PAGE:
raise Tag_Error;
   end if;
   String'Output(S, External_Tag(X'Tag));
   T'Output(S, X);
end T_Class_Output;
for T'Class'Output use T_Class_Output;
Remember that streams are designed to work only with types declared at the same accessibility level as the parent type T. The call of Is_Descendant_At_Same_Level, which is another new function in Ada 2005, ensures this.
We can use the generic constructor to create our own stream protocol. We could in fact replace T'Class'Input and T'Class'Output or just create our own distinct subsystem. One reason why we might want to use a different protocol is when the external protocol is already given such as in the case of XML.
Note that it will sometimes be the case that there is no need to pass any auxiliary parameters to the constructor function in which case we can declare 
type Params is null record;
Aux: aliased Params := (null record);
Another example can be based on part of the program Magic Moments in [6]. This reads in the values necessary to create various geometrical objects such as a Circle, Triangle, or Square which are derived from an abstract type Object. The values are preceded by a letter C, T or S as appropriate. The essence of the code is 
Get(Code_Letter);
case Code_Letter is
   when 'C' => Object_Ptr := Get_Circle;
   when 'T' => Object_Ptr := Get_Triangle;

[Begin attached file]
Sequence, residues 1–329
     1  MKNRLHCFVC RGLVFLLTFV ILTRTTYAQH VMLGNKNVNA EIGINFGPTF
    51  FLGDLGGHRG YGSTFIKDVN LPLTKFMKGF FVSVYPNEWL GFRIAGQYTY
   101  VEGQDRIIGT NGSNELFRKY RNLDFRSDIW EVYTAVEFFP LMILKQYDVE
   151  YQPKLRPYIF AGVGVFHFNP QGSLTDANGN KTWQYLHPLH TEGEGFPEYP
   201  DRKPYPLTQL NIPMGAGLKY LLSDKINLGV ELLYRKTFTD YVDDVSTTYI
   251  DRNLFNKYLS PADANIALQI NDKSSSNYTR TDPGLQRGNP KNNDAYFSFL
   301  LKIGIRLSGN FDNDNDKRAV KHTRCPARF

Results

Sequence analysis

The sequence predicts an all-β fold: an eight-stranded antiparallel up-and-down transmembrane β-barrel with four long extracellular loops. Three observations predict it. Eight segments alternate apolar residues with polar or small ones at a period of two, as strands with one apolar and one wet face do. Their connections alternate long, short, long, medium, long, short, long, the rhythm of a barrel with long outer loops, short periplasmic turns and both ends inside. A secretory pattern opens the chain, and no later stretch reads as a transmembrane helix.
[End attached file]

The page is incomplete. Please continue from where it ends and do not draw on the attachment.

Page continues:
when 'S' => Object_Ptr := Get_Square;
   ...
end case;
The types Circle, Triangle, and Square are derived from the root type Object and Object_Ptr is of the type access Object'Class. The function Get_Circle reads the value of the radius from the keyboard, the function Get_Triangle reads the values of the lengths of the three sides from the keyboard and so on.
The first thing to do is to change the various constructor functions such as Get_Circle into various specific overridings of a primitive operation Get_Object so that we can dispatch on it.
Rather than just read the code letter we could make the user type the external tag string and then we might have 
function Make_Object is
   new Generic_Dispatching_Constructor(Object, Params, Get_Object);
...
S: String := Get_String;
...
Object_Ptr := new Object'(Make_Object(Internal_Tag(S), Aux'Access));
but this is very tedious because the user now has to type the external tag which will be an implementation defined mess of characters. Observe that the string produced by a call of Expanded_Name such as "OBJECTS.CIRCLE" cannot be used because it will not in general be unique and so there is no reverse function. (It is not generally unique because of tasking and recursion.) But Expanded_Name is useful for debugging purposes.
In these circumstances the best way to proceed is to invent some sort of registration system to make a map to convert the simple code letters into the tag. We might have a package 
with Ada.Tags; use Ada.Tags;
package Tag_Registration is
   procedure Register(The_Tag: Tag; Code: Character);
   function Decode(Code: Character) return Tag;
end;
and then we can write
Register(Circle'Tag, 'C');
Register(Triangle'Tag, 'T');
Register(Square'Tag, 'S');
And now the program to read the code and then make the object becomes simply 
Get(Code_Letter);
Object_Ptr := new Object'(Make_Object(Decode(Code_Letter), Aux'Access));
and there are no case statements to maintain.
The really important point about this example is that if we decide at a later date to add more types such as 'P' for Pentagon and 'H' for Hexagon then all we have to do is register the new code letters thus